Pete Buttigieg has frequently called on his military training in making points on gun control. For example this is something that we wrote up after the Miami Democratic Presidential Debate in June last year.
No self-respecting military in the world uses semi-automatic weapons. South Bend, Indiana, Mayor Pete Buttigieg knows that, but he’d rather give people the impression that military weapons are pervasive. “As someone who trained on weapons of war, I can tell you that there are weapons that have absolutely no place in American cities or neighborhoods ever,” he said on Thursday night.
In an interview on CNN in August 2019, there is this:
“I think the weapons of war can do no good in American neighborhoods,” Buttigieg, an Afghanistan War veteran, said on “New Day.” “I trained on weapons that are similar to these, and they have one purpose, which is to destroy as much as possible as quickly as possible. They have tactical uses in war zones. Since when are American cities and neighborhoods supposed to be war zones?”
The above clip is from Buttigieg speaking to a crowd in Des Moine, Iowa on Wednesday, April 17, 2019.
As someone who is very familiar with my military training with weapons of war, someone who carried a rifle and a pistol around a foreign land as a war was present, there are some weapons that just don’t belong in our neighborhoods in peace time in America.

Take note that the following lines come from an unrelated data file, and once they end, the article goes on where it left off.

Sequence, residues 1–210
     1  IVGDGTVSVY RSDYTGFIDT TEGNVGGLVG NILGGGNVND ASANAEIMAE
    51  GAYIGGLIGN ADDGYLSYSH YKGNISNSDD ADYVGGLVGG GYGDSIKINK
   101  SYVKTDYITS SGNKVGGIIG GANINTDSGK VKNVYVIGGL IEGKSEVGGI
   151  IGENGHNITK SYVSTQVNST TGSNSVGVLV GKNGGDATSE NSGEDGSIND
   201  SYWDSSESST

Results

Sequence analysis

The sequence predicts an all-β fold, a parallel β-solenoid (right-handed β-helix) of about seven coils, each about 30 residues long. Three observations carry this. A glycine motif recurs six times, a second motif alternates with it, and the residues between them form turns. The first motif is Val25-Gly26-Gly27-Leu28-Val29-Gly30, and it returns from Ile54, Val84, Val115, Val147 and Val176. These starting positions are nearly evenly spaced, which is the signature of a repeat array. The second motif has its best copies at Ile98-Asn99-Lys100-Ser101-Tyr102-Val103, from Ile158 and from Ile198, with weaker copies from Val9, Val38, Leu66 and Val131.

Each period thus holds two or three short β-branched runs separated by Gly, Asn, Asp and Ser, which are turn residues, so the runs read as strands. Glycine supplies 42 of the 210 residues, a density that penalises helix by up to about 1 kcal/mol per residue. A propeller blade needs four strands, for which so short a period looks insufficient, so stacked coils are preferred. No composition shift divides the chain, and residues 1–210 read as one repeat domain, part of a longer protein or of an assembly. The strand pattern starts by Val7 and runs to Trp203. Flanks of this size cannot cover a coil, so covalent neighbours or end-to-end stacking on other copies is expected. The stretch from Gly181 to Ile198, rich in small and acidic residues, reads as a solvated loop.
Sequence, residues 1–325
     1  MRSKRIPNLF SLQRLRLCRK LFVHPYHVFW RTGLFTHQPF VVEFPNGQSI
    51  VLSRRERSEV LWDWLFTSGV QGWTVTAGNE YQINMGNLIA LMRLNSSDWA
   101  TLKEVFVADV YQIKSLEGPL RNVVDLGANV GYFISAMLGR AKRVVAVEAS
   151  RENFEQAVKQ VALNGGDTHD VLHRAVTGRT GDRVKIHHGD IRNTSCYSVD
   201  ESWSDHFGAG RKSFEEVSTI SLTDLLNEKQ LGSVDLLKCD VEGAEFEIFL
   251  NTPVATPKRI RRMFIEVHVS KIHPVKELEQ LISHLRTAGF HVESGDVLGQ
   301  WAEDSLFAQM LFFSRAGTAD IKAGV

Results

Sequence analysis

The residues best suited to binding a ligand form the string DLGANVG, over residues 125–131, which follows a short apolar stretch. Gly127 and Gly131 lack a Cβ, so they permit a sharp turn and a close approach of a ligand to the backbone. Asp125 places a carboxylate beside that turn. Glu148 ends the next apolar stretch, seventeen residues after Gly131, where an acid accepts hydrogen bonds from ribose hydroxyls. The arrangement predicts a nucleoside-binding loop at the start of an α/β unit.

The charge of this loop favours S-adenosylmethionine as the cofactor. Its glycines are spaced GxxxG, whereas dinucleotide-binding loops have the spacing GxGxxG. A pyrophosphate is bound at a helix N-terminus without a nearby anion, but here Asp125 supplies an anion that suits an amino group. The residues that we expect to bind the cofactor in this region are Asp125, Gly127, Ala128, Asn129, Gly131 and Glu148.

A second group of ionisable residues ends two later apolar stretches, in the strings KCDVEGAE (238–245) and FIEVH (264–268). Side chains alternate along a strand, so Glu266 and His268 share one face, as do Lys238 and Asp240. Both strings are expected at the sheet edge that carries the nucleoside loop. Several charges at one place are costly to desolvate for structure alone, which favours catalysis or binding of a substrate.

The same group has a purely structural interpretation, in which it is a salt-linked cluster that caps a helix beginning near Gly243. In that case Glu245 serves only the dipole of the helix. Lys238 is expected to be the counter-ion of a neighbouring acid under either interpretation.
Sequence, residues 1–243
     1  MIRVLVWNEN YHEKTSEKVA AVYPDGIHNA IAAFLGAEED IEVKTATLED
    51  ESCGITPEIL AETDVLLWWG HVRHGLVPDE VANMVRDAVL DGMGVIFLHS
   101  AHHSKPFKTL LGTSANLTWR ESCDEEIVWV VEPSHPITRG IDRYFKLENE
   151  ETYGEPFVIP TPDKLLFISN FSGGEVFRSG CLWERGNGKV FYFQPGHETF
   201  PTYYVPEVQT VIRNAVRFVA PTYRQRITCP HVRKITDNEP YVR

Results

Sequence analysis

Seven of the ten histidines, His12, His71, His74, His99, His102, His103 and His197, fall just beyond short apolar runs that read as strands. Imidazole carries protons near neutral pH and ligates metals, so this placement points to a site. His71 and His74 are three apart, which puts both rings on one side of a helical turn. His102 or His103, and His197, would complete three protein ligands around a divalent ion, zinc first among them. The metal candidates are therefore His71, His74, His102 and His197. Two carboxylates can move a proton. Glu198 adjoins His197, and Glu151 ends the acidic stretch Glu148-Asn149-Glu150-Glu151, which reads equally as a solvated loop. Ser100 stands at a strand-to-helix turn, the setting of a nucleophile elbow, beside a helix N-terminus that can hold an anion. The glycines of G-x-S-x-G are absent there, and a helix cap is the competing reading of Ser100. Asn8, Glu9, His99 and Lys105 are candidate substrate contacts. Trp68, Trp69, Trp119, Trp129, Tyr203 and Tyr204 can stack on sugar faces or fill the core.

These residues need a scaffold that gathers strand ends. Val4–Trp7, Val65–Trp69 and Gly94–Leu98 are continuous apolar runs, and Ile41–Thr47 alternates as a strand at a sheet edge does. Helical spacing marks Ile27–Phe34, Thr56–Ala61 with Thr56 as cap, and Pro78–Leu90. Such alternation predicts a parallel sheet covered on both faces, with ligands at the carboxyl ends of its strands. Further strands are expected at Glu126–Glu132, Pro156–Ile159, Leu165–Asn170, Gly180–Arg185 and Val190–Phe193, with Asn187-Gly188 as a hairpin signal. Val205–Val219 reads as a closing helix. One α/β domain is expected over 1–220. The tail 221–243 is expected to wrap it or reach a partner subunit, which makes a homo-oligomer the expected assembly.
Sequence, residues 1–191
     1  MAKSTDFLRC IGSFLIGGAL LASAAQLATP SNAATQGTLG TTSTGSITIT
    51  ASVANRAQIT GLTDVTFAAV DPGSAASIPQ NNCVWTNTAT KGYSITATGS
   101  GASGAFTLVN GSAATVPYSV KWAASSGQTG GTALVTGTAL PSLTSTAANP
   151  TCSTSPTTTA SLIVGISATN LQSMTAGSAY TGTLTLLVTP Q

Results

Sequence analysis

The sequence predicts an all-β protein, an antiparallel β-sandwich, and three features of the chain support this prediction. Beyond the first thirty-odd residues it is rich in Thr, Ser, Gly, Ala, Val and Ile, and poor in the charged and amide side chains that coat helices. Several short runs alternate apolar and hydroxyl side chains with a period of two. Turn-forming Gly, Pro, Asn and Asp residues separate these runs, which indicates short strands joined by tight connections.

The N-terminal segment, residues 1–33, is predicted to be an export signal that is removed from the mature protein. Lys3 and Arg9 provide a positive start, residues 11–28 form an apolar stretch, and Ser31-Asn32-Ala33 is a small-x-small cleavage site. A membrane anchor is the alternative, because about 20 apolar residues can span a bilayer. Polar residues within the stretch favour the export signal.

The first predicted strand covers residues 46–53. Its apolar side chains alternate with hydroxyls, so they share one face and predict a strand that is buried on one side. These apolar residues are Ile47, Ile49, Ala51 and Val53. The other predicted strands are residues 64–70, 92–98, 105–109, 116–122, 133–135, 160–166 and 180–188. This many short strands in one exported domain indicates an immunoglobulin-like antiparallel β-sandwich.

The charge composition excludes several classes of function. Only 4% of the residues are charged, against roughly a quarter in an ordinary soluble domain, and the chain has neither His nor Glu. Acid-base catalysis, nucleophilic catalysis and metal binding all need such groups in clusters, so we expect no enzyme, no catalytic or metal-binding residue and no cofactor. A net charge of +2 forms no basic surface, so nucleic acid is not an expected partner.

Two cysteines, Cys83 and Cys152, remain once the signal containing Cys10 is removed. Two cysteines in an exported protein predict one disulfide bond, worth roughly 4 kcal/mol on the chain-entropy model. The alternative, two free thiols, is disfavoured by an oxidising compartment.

But a new article in the Wall Street Journal indicates that he completely skipped being trained on “weapons of war” (emphasis added).
Mr. Buttigieg’s stint in the Navy isn’t as impressive as he makes it out to be. His 2019 memoir is called “Shortest Way Home,” an apt description of his military service. He entered the military through a little-used shortcut: direct commission in the reserves. The usual route to an officer’s commission includes four years at Annapolis or another military academy or months of intense training at Officer Candidate School. ROTC programs send prospective officers to far-flung summer training programs and require military drills during the academic year. Mr. Buttigieg skipped all that—no obstacle courses, no weapons training, no evaluation of his ability or willingness to lead. Paperwork, a health exam and a background check were all it took to make him a naval officer. . . .